My main preoccupation this year is the interrelated questions of identity and authority. In this pluralistic, rapidly changing culture, we can “be” anyone (or so we are told), and there’s no shortage of putative authority figures telling us how and why to adopt their template.
The average American might respond that she doesn’t need anyone to tell her who she is. She is the master of her fate, the captain of her soul, et cetera. But look deeply enough within the self, as artists and other lunatics do, and one finds a horrifying randomness, a contingency and fragility, in which it is difficult to abide for long.
The self is like a hotel room to which you have been assigned. Open the door and you’ll see a corridor of identical closed doors, with other people inside who could have been you. Why is your bedspread blue and not red? Why does your window face the ocean and not the parking lot? There are three ways to escape the absurdity of your position. First, you can try to leave your room and find a better room. But to do this, you need some outside guidance about what makes a room better and which ones are likely to meet that standard. Second, you can remain in your room and pretend that you chose the furniture yourself. Third, you can trust that the person who gave you this particular room had a good reason, and that it really is the best one for you.
The point of this little allegory is that the self is always partially constituted by others. There is no escaping either one’s personal responsibility for identity-formation or the fact that the available choices are created by forces outside one’s self. Even for the most extreme individualist, knowledge of anything beyond one’s immediate sensations requires one to trust some external authorities. What we call “the self” is an interpretive framework for making sense of one’s own experiences, and as such, it has a collective dimension.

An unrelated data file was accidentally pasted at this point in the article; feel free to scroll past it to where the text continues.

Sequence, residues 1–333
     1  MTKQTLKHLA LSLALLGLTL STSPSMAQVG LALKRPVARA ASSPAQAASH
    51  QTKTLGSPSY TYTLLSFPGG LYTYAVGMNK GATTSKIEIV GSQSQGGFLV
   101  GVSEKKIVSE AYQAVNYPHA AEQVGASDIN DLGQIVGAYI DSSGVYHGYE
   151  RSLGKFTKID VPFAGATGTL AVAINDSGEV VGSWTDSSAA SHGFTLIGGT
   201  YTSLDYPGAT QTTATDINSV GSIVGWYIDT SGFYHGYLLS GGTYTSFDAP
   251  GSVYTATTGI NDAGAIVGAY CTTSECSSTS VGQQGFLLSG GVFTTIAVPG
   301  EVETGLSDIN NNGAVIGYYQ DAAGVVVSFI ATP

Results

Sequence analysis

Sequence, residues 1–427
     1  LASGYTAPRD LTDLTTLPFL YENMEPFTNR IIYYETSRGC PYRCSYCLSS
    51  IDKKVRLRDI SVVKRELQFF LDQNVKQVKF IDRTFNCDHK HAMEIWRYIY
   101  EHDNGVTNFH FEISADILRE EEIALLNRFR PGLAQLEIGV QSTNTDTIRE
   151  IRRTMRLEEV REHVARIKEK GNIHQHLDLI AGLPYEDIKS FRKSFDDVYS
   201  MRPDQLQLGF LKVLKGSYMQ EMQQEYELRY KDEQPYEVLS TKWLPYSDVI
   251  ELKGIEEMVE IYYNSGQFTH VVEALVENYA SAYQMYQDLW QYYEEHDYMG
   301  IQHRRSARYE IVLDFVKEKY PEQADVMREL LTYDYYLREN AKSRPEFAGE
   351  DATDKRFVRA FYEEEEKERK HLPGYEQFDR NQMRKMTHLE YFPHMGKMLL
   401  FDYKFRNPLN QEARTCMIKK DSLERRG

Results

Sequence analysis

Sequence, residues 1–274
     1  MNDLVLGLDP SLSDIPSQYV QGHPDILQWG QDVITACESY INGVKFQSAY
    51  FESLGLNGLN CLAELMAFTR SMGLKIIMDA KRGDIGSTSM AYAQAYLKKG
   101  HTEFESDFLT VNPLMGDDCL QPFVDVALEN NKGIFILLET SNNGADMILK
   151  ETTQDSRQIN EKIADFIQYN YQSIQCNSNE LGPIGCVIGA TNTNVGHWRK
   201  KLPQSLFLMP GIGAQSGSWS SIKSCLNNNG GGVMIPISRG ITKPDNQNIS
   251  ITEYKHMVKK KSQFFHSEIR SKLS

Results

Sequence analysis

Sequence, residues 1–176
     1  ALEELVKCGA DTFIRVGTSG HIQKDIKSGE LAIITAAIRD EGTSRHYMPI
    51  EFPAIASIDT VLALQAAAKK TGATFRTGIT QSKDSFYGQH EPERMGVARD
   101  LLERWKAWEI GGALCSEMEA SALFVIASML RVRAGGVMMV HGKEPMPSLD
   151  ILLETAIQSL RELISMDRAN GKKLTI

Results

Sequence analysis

What’s interesting, and to me disturbing, is how we’re ceding more and more of that authority to strangers. Prior to the rise of secular, consumerist mass culture, perhaps more people got their sense of self from their place within a family or a spiritual community. Now, folks who would never dream of obeying Il Papa eagerly post semi-nude pictures of themselves on social networking sites so the world can tell them whether they’re “hot”. Reality television is, at best, the complete democratizing of authority–at worst, a frantic aggregation of empty selves hoping that sheer numbers will add up to an indisputable standard of value (until next season, when all is forgotten).
Into this mix comes the German website Check Your Image, which I read about in the consumer trends newsletter Springwise:
Offline and online, consumers are ever more adept at presenting their public image or, as Tom Peters put it, crafting The Brand Called You. While they can carefully control the clothes they wear, the brands they use, the photos they upload to Flickr and the witty repartees they Twitter, it’s more difficult to judge whether the image they’re trying to project is really what others see.